Two Simple Reasons Why Baseball Player Contracts are So Much Bigger than Football Player Contracts

The announcement of the Clayton Kershaw contract for 7 years and 215 million coinciding with the end of the NFL season has a caused a little bit of a ripple from people confused about athlete pay structures in the different leagues.

Pete Prisco from CBS sports fanned the flame a little by posting a pretty startling fact:

This might be a little shocking considering how Payton Manning is a name even your grandma knows.  There are various forces here that dictate player salary, but two of the biggest are the Salary Cap in the NFL and the free agent eligibility.

Salary Cap

The NFL has a hard salary cap that regulates how much a team is allowed to spend.  Last year the NFL cap was set at 123 million dollars to be split 55 ways (the size of the NFL roster), which amounts to  a 2.23 million an average per player.  The average MLB payroll last year was  99 million, with the median being 90 million (The Yankees and Dodgers are very high 200M +, but the Astros and Marlins do a pretty good job of canceling them out).  With the 25 man roster on a baseball team this works out to about 4 million per player average.  So already you see that baseball teams pay about twice as much on average due to roster size.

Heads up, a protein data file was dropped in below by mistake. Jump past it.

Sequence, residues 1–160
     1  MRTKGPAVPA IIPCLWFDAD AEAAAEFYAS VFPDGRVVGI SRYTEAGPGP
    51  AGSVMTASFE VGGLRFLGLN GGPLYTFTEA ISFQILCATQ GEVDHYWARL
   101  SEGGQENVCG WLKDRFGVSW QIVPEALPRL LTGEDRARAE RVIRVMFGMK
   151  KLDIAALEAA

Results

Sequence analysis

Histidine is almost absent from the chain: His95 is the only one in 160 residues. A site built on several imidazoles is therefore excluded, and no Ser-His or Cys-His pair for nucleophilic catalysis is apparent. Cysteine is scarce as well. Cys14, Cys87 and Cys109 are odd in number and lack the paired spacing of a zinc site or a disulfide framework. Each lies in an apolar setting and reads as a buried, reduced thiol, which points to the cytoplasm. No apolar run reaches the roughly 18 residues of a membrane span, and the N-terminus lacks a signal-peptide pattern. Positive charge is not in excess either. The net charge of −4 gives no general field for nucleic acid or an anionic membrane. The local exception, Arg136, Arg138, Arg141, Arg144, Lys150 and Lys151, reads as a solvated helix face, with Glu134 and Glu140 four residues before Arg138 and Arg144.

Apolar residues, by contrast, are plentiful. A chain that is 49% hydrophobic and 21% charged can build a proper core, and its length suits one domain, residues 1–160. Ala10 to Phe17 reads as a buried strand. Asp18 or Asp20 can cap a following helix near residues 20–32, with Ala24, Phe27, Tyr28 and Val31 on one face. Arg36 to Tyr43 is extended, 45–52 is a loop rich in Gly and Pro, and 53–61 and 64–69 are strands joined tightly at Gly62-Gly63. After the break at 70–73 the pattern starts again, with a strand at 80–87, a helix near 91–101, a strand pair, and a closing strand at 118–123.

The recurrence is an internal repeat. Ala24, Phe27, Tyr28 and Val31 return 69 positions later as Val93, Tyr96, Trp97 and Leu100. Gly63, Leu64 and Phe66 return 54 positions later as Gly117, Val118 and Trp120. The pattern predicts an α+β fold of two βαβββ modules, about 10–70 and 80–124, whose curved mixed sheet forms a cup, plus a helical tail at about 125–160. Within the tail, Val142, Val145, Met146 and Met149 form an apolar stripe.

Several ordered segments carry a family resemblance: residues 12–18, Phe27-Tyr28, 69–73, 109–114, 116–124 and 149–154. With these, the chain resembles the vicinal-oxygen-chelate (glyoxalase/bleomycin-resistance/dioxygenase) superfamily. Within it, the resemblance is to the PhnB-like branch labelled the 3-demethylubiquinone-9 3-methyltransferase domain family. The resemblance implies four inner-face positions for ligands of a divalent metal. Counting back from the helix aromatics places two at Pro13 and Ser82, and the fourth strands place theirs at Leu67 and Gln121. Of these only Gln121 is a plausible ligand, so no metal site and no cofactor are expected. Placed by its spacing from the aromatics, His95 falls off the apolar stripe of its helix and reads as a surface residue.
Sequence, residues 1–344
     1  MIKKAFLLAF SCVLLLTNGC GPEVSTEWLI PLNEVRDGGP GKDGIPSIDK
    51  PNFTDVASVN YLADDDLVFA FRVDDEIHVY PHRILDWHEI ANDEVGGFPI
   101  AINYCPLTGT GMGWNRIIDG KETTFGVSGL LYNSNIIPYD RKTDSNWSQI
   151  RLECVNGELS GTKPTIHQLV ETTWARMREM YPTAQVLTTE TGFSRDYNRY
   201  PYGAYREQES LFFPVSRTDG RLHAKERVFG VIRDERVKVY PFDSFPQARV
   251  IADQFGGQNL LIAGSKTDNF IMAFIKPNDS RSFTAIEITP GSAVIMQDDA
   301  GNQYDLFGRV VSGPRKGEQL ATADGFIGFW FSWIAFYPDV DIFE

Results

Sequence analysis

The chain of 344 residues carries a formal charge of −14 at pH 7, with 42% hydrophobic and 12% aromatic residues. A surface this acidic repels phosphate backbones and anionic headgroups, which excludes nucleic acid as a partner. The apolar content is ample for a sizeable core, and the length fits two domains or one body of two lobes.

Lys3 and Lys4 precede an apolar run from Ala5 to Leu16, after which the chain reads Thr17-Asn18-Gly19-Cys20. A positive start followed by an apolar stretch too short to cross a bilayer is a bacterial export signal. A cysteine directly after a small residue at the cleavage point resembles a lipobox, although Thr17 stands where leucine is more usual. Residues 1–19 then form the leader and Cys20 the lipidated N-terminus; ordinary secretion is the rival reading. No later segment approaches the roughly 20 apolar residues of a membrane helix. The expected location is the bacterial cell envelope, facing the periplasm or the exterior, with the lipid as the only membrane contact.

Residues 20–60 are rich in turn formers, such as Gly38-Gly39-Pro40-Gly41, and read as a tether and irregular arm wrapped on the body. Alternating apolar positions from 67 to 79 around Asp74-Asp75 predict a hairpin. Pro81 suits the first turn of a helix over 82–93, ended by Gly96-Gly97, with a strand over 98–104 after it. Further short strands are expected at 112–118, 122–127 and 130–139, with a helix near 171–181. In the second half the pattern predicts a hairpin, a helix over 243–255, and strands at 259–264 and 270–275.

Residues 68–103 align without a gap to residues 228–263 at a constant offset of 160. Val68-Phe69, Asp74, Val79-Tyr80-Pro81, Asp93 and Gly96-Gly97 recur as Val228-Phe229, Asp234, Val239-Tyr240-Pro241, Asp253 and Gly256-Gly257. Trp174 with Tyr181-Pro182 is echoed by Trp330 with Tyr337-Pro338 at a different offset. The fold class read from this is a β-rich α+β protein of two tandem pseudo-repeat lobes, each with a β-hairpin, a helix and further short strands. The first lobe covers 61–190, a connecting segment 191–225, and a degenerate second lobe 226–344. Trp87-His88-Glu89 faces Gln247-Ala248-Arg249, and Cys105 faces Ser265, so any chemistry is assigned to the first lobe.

Free Agency

The NFL allows restricted free agency after three years and complete free agency after four and there is no minor leagues.  Without a minor league, a player just drafted starts accruing league time immediately.  In baseball, a player must accrue six years of playing time and many teams such as the Nats with Harper, Rendon, and Strasburg delay a players call up from the minors to get seven MLB seasons from them.  With the MLB minor league system, it is very possible that a player will play with a franchise for ten years before becoming eligible for free agency.

The impact of the free agency rules are that football players are more accurately paid what they are worth.  More players are playing on a market based contract, the available payroll is more evenly spread around.  Also in the NFL players contracts are year to year, a team can cut a player if he is not performing up to his contract value.  In baseball, most players are playing on an artificially CBA negotiated contract, with the few that are free agents reaping most of the available payroll.  Contracts are also guaranteed, so many FA contracts end up being overpaid for their level of contribution to their team by their end.

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